Making small changes could make a big difference in preventing cancer.
Avoid preventable risk factors by incorporating these guidelines into of your lifestyle.
Three choices can make a vast difference in increasing your odds for staying healthy and keeping yourself in check.
Don’t Smoke Tobacco
Smoking damages nearly every organ in the human body, is linked to at least 15 different cancers, accounts for about 30 percent of all cancer deaths and costs billions of dollars each year, according to the American Cancer Society.
In the United States, cigarette smoking is responsible for about 90 percent of all cases of lung cancer — the leading cause of cancer death. Smoking cigars and pipes or chewing tobacco isn’t safe either.
“The importance of not smoking cannot be over emphasized in the prevention of cancer,” says Dr. Thomas Johnson, oncologist with Sacred Heart Medical Oncology Group. “Quitting is imperative for anyone who uses tobacco. Even people who have used tobacco for many years reduce their risk of cancer by quitting, as compared to people who continue to use tobacco.”
“The predisposition for lung cancer does run in families,” Johnson says. “Smokers with relatives who have contracted lung cancer are at extremely high risk for developing cancer themselves, due to their genetic makeup.
You will often see multiple cases of lung cancer in a family that has a history of COPD, emphysema or lung cancer — those family members are predisposed to cancer and should not smoke.
Tobacco use alone increases their risk of cancer by 10 to 20 percent.”
Eat Healthy Foods and Get Regular Exercise
Fully one-third of cancer deaths are linked to poor diet, physical inactivity and carrying excess weight.
The American Cancer Society recommends that you limit foods high in fat, eat five or more servings of fruits and vegetables each day and limit alcohol, if you drink it at all. Include moderate physical activity (such as brisk walking) for at least 30 minutes on most days of the week to help achieve or maintain a healthy weight.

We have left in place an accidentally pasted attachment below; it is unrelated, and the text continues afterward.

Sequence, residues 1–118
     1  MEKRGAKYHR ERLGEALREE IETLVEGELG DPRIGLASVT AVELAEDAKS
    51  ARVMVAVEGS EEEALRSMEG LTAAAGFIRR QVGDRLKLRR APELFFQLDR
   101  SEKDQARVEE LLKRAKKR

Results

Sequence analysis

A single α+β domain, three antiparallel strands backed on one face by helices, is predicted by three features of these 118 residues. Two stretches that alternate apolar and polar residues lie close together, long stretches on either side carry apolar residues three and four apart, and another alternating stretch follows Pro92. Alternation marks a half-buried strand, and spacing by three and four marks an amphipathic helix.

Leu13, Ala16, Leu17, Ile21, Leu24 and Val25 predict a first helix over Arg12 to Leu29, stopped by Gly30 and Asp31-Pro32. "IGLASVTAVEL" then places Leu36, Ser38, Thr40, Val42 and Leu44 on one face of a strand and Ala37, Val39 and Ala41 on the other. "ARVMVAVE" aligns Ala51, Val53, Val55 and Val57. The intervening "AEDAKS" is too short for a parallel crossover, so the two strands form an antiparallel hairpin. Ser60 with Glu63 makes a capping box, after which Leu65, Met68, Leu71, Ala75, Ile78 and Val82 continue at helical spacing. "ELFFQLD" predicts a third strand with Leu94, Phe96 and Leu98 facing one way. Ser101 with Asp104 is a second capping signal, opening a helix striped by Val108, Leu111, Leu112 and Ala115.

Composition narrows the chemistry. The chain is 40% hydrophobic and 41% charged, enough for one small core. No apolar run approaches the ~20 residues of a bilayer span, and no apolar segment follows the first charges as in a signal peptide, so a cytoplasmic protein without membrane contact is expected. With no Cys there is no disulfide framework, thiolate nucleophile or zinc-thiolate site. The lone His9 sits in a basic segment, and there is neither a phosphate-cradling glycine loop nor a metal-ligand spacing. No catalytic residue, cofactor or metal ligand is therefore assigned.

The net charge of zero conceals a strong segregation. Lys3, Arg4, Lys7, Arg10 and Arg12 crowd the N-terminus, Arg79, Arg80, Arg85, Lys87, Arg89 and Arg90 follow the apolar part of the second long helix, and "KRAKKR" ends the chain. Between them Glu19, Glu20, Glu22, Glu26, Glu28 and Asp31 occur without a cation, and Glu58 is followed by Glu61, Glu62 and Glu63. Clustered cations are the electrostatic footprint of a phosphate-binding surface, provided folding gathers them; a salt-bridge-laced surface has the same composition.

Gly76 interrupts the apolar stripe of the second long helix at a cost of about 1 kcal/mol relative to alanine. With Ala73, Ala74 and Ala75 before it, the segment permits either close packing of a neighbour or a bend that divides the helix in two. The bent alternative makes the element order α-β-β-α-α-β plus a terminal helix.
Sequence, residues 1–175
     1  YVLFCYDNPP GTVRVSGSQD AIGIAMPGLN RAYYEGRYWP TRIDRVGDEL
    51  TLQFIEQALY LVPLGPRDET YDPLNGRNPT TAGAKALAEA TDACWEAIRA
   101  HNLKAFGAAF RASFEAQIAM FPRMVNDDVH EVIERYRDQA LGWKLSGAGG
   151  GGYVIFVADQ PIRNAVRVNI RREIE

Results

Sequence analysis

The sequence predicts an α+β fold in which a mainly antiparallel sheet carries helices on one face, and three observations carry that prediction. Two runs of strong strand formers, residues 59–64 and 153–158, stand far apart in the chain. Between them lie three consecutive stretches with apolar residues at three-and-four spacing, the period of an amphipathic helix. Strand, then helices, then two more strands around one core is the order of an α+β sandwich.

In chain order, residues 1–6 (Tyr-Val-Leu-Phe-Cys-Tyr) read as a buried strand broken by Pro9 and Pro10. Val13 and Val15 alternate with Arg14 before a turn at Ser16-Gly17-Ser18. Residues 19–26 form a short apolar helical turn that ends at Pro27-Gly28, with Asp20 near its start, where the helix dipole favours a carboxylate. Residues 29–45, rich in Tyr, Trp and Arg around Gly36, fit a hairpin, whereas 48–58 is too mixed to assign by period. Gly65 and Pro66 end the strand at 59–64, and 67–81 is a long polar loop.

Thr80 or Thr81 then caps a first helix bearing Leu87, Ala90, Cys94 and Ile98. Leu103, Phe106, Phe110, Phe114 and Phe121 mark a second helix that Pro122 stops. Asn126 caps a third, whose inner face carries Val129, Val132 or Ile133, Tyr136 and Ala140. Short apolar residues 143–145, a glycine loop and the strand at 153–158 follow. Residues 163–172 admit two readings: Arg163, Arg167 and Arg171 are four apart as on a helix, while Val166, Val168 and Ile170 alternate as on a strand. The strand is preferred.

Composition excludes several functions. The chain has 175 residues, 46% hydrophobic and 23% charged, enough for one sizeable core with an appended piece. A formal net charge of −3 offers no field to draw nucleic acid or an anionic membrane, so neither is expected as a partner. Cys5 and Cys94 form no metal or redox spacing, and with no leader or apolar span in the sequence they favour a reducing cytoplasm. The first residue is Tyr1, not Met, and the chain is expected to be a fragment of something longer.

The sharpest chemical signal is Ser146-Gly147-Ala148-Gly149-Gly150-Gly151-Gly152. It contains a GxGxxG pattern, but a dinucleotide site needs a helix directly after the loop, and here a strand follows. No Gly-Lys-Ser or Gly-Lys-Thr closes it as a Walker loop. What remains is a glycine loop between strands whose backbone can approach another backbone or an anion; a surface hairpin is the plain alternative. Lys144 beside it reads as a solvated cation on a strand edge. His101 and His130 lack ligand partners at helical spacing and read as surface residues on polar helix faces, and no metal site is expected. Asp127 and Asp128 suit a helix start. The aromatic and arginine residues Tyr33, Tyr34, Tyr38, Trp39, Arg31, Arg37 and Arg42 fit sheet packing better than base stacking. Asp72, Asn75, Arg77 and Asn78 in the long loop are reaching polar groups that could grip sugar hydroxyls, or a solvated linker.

“Being overweight increases cancer risk by causing the body to produce and circulate more of the hormones estrogen and insulin, which can stimulate cancer growth,” said Dr. Dee McLeod, oncologist with Sacred Heart Medical Oncology Group. “Studies suggest that people whose diet is high in fat have an increased risk of cancers of the colon, uterus and prostate. Lack of physical activity and being overweight are risk factors for cancers of the breast, colon, esophagus, kidney and uterus.”
Avoid Harmful Sun Exposure
Most skin cancer occurs on exposed parts of your body, including your face, hands, forearms and ears. When going out in the sun keep these tips in mind: Avoid peak hours of the sun’s ultraviolet (UV) radiation between 10 a.m. and 4 p.m., stay in the shade, cover exposed skin with clothes and hats and use sunscreen that has a sun protection factor (SPF) of at least 15.Get immunized
Certain cancers are associated with viral infections that can be prevented with immunizations. Talk to your doctor about immunization against Hepatitis B and the Human Papilloma Virus.
Get Health Screenings
“For many types of cancer, by the time that there are symptoms, the cancer is too far advanced to achieve a cure,” McLeod says. “Cancer screenings identify those at high-risk for cancer, and to be most useful, must detect cancers before symptoms would cause a person to seek care. Early detection is so often a key factor in successful treatment.”
Screenings should include tests to detect cancers of your skin, mouth, colon and rectum. If you’re a man, it should also include your prostate and testes. If you’re a woman, add cervix and breast cancer screening to your list. Visit www.cancer.org to find the American Cancer Society Guidelines for Early Detection of Cancer.
For more information on cancer prevention and treatment, visit The SacredHeart Cancer Center.